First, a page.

Maximum utility is the red cross shown above – the number of loaves of bread and cakes the consumer will purchase is the point where the consumers budget line is tangential to the indifference curve of maximum utility.
So much for the theory of individual behavior – Bentham’s “what we ought to do”. Does the second half of Bentham’s assertion then follow – that “the interests of the community then is … the sum of the interests of the several members that compose it” ? Prof. Keen has this to say:
“Two centuries after Bentham, mathematical economists established that the second leg of the Benthamite agenda was, in general, impossible.”
Why was it impossible, in general? Let me now introduce you to the Engels curve– this is what economists call the relationship between income and spending. Here’s are some examples:
A “necessity” could be something like toilet paper – the quantity purchased falls as a percentage of income. A billionaire doesn’t spend the same percentage of his income on toilet paper as you or I. A “luxury” could be something like a private jet – the billionaire could spend say 10% of his income on this where you or I would spend 0%. A “representative” good is defined by economists as something everyone spends the same percentage of their income on. What is an example? Well, as Prof Keen points out:
“I can’t give you an example of a “representative good”, because strictly speaking, there are none. Spending on such a commodity would constitute the same percentage of income as a person rose from abject poverty to unimaginable wealth, and there is simply no commodity which occupies the same proportion of a homeless person’s expenditure as it does a billionaire’s.”
As we are about to find out though, economists will need to assume that all goods are “representative goods” !
When determining an individual’s utility map, the shape of their Engels curve doesn’t matter – my income is independent of the utility I can derive from it. This cannot be the case for the social utility map though, since as Prof Keen puts it:
“if income is redistributed between individuals, then there is no way in general to say whether this results in a greater or lesser degree of total [social] utility. The redistribution of income might effectively transfer one banana from someone who gets a great deal of utility – since what gives great utility to one individual may give very little to another. There are therefore many social utility hills, one for every distribution of income.”
So in reality then, there will be a complicated system of feedbacks between the set of all individual incomes and the social utility map, such that the latter is neither independent of the former, nor the sum of the individual utility maps. Such systems containing feedbacks are described by non-linear equations. While the solution to a sum of linear equations is the sum of the solutions to each equation, this property is not true of non-linear equations. So Bentham’s assertion will be false, in general.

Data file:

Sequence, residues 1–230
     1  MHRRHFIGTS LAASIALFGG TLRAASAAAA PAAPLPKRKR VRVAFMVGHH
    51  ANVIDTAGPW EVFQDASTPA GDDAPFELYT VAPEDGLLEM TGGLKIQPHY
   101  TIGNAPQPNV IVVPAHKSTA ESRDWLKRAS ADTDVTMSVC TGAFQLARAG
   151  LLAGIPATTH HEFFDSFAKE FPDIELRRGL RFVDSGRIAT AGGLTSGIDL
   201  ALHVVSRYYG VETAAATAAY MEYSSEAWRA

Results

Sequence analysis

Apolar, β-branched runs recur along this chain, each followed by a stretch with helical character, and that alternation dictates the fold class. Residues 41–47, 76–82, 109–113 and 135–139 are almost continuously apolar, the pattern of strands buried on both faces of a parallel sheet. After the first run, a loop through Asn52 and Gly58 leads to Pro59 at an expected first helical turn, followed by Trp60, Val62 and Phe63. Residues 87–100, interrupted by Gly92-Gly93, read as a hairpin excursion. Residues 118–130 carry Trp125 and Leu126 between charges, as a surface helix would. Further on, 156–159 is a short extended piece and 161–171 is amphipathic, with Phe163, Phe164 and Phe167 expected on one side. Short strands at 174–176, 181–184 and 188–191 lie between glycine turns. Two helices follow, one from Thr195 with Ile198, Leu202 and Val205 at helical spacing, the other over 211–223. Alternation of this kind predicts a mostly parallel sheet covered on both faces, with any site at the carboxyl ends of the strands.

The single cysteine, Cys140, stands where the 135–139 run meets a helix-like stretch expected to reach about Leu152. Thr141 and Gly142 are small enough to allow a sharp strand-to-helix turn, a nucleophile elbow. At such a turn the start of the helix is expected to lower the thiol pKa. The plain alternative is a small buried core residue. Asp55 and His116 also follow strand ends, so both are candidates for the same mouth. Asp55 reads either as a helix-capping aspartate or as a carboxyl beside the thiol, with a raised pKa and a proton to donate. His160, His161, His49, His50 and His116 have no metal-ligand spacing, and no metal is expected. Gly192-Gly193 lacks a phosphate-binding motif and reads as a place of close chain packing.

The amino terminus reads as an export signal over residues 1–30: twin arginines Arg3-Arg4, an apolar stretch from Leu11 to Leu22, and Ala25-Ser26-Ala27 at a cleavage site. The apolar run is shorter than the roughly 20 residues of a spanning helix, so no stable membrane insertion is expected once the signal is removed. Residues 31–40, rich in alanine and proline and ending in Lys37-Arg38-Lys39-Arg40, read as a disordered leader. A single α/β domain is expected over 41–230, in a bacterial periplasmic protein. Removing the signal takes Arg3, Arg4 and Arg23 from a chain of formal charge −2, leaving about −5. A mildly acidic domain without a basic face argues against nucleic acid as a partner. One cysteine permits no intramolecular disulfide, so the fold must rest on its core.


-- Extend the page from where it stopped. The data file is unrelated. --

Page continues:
In order for it to be possible to sum individual utility curves to obtain the social utility curve – to force the equations describing social utility to be linear – it was shown to be necessary to assume that either:
1 The distribution of income is fixed and Engels curves have a constant slope, or:
2 Engels curves must have a constant slope and they all have the same slope.
Economists didn’t like assuming the first of these: in “the best of all possible worlds” incomes are supposed to be determined optimally, by a free-market in which everyone gets what they deserve, not by fiat. So they preferred to assume the second – that everybody will behave the same way with regards to buying goods, no matter what their income. This assumption is equally unpalatable though, as prof Keen points out:
“Think about what these two additional constraints mean in practice. They mean, for example, that Bill Gates must spend the same proportion of every new dollar he earns in exactly the same way that you do; that you must allocate each new dollar you earn in the same way Bill Gates does.”
Prof Keen writes that economists model people as behaving like the crowd in Monty Python’s Life of Brian!
In the attempt to make it self-consistent then, the theory that “there is no such thing as society” becomes so manifestly absurd as to be worthless – “the best of all possible worlds” supposedly emerging from the unconstrained free-market cannot be our world. There can be such a thing as society. Or, as Prof Keen puts it in his book:
“The obvious conclusion from this is that Bentham was wrong: ‘society’ must exist as an entity in its own right, and the selfish pursuit of individual welfare does not necessarily maximise social welfare. That economists, in general, failed to draw this inference speaks volumes for the unscientific nature of economic theory.”